Demand process takes into account all processes that make customer considerations and the market with the intent of meeting the demands of the customer via value creation. To enhance customer satisfaction, demand process is often integrated with supply process (Shee and Abratt, 1989, 65). Supply process on the other hand involve the tasks that aim at fulfilling demand. A true picture on demand is not relevant if there is no well-established supply chain that is set to meet the demand. Appropriate demand management fosters the usage of business resources to improve on profitability. The success of the demand process is tied to accurate forecasting on the customer needs. 

Organization ought to establish a proper demand and supply process alignment. When demand management is proficient enough, then the company achieves an effective supply chain management. This is because key elements result which include appropriate relationships when dealing with key suppliers, production of products at the right time and right quantities as well as building appropriate relationships with customers that provide mutual benefits. The demand process is therefore key in ensuring that demand matches supply chain in order to deliver against it in a manner that is cost-effective in nature.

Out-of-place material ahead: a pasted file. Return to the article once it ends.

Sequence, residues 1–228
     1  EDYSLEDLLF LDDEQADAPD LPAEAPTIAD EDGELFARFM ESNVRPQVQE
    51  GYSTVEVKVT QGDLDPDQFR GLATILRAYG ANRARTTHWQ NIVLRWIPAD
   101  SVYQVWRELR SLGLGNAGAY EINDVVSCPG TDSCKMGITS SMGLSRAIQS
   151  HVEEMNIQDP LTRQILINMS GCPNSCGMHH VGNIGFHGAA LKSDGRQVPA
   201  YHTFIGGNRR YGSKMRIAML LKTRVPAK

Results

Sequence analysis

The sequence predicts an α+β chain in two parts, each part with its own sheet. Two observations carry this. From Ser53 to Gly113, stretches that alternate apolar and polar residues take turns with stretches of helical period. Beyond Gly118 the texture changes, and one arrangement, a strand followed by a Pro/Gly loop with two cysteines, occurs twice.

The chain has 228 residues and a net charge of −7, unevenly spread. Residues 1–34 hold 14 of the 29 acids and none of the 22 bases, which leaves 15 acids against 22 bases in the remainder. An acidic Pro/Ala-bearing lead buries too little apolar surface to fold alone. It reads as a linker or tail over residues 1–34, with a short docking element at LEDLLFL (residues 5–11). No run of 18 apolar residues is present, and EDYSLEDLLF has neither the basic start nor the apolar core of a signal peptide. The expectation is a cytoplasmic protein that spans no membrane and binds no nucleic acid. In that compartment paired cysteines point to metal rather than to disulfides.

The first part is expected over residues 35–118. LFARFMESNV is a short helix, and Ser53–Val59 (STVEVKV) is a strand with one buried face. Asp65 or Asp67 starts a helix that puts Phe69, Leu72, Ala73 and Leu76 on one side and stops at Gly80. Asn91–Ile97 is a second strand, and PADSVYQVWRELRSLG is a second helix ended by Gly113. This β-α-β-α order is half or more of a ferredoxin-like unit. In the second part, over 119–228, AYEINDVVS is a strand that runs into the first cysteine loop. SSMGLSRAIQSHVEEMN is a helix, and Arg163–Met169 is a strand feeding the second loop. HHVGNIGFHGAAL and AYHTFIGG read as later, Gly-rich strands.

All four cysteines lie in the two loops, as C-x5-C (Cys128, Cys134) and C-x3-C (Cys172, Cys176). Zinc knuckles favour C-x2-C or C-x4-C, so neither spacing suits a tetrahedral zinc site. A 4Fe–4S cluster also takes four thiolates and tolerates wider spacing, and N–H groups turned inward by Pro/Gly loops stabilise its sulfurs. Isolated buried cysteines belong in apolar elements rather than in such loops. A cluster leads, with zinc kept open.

Configuration is the other key theme in demand management. Configuration refers to the decisions regarding the number relating to customer segments which the company is able to serve with supply chains that are differentiated (Mentzer et al, 2001, 23). The implication is whether the supply chain is capable of satisfying all customer’s needs. In order to ensure the configuration of demand systems, some several tasks must be initiated. There is usually an ideation module where users can air their views and thereafter demand managers evaluate the ideas before promoting them into demands. The ideas once assessed can now be qualified into demands. The demand work bench offers comparison and assessment to demand before promoting these demands into projects or enhancements. In so doing, an organization is able to establish the customer demands which when integrated with the supply chain demand achieves improved profitability.